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| 2/23/2010 12:00:00 AM

From Chile with love

In January, Chile was the second trading partner of Colombia, replacing Venezuela. And last year, Colombia took Argentina’s place as a destination for Chilean foreign investment.

From Chile with love From Chile with love
In the past two years, Chile's trade office in Bogotá has had lots of meetings with Chilean businessmen interested in selling in the Colombian market or settle in the country. Ignacio Fernández, the director, says that last year this office (similar to Proexport Colombia) received a record number of private projects to run in Colombia. "I have to confess, Colombia is very popular in Chile," says Fernández. During the first two months of this year, missions, meetings and visits have increased 25 percent compared to the same period last year.

Due to the massive Chilean companies that have arrived to the country, Colombia has moved to the first place as a destination for direct investment from Chile, replacing Argentina for the last two years. In 2008, Colombia was the third destination of direct investment from Chile and, in 2009, the fourth after Peru, Brazil and Uruguay.

Bilateral trade has doubled annually over the past three years, reaching 2,800 million dollars in 2008, but with a decline in 2009 as a result of the global crisis. surprisingly, in January Chile was the second destination of Colombian exports, after the United States. It means that for the first time, the Chilean market displaced Venezuela, the traditional trading partner of Colombia.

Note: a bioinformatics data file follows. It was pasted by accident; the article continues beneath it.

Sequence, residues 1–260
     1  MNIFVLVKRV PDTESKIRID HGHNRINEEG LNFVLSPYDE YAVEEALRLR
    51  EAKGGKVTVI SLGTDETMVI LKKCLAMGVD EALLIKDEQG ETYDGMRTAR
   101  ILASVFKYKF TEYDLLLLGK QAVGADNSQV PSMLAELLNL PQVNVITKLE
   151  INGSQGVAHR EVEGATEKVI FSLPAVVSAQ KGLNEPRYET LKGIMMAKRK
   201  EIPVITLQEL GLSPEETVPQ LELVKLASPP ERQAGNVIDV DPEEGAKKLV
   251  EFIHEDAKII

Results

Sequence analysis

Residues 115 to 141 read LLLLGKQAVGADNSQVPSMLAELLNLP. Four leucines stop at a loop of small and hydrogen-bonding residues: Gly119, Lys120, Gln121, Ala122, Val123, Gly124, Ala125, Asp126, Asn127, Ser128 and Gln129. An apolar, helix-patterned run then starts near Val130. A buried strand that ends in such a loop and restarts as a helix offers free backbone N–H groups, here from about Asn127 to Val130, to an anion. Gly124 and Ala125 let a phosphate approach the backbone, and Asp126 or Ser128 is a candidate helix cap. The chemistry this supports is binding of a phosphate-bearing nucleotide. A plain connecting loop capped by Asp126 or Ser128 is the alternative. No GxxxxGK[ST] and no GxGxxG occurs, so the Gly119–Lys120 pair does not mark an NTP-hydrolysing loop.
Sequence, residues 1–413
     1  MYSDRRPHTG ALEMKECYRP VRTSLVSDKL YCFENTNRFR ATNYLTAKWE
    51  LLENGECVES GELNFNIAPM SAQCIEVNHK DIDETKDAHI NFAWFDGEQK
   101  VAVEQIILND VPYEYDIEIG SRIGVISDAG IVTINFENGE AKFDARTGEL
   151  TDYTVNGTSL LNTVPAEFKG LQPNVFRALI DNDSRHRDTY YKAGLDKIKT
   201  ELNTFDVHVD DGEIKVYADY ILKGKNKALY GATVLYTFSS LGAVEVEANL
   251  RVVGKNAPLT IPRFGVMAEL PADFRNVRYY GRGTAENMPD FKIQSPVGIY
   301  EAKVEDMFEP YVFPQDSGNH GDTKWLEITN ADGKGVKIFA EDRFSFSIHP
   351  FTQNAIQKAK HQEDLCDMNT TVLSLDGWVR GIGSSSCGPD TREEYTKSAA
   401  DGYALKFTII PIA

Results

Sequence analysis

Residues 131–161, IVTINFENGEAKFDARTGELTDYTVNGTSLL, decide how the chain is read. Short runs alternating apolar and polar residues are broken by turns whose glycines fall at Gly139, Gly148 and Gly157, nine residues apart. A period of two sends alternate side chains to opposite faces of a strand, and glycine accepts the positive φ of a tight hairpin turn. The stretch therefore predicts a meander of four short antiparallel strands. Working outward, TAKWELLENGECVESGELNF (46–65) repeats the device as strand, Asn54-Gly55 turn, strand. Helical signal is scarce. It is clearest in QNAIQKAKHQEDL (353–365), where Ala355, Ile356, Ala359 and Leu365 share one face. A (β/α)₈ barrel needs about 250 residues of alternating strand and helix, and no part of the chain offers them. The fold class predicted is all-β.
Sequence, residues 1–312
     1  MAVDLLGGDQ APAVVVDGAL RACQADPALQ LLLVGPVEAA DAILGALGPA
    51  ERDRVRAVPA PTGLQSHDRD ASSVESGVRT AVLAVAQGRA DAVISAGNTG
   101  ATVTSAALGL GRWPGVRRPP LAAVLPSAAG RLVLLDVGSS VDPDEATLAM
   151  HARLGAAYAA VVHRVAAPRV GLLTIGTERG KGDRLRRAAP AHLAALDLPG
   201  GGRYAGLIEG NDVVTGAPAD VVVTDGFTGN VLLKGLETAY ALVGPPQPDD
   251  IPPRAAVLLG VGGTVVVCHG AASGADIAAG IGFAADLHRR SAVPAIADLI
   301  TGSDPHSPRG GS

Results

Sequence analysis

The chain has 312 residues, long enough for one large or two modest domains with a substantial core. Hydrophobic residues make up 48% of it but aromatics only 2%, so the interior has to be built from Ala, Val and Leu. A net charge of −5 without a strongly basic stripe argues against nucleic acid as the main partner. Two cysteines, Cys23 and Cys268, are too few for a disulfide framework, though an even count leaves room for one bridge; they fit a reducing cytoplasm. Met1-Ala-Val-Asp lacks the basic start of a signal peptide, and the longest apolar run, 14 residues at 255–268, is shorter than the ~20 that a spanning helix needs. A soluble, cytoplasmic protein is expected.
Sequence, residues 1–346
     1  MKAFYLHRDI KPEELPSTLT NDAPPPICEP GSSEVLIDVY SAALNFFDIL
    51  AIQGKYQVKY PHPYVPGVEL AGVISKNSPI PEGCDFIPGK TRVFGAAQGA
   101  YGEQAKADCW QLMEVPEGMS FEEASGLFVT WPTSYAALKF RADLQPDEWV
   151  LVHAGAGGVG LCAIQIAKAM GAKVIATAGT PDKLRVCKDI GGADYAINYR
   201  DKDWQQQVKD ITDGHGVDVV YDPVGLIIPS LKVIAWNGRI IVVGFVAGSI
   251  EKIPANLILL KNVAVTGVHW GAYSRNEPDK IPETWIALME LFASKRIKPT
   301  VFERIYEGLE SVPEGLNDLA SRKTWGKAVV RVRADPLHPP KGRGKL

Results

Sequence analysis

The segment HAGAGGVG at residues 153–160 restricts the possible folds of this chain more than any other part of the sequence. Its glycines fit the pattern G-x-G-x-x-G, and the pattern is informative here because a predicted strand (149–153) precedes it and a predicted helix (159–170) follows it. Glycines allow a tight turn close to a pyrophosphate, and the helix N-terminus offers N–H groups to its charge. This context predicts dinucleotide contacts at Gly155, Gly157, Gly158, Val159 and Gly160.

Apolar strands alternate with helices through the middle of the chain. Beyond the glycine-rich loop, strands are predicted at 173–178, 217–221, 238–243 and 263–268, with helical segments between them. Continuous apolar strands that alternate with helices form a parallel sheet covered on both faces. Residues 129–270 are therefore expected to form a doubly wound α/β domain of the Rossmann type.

To deal with this investment trade wave, a year ago appeared the Cámara de Industria y Comercio Binacional (Chamber of Bilateral Industry and Trade). José Palma, its director, says that in only one year the entity already has 50 member companies. Specialized business newspapers talk every day of Chilean companies that settle in the country.

Although Chilean investment reached the country in the nineties with the first energy companies (Chivor, Codensa Emgesa and Betania), the truth is that for Colombians, the highest degree of proximity with the austral companies was confined to wine or fruits, products which have been imported from long ago.

But now everything has changed. In recent years, to the country have arrived stakeholders interested in different sectors: health and financial services, sea transportation, trade, forestry, paper and biofuel projects. The whole direct investment of Chile in Colombia reaches 6,161 million dollars, which represents 13 percent of the total invested by the southern country in the world.

What's happening? Fernando Robledo, Banmédica president in Colombia, a leading health care company in Chile, with major investments in the country, says it is the result of multiple factors that have mounted up over the past six years.

The Chilean businessmen began to see Colombia as a country with the best economic projection in the region and, therefore, as a great opportunity to expand their companies, beyond Peru, Brazil and Argentina.

But the biggest trigger for the current investment wave in Chile is undoubtedly the Free Trade Agreement that both countries signed last year. This is a last generation treaty, because it includes much more than trade, such as services and state purchases, which gives a great potential to this bilateral relation. Also, double taxation agreements have led many employers to seek more alternatives.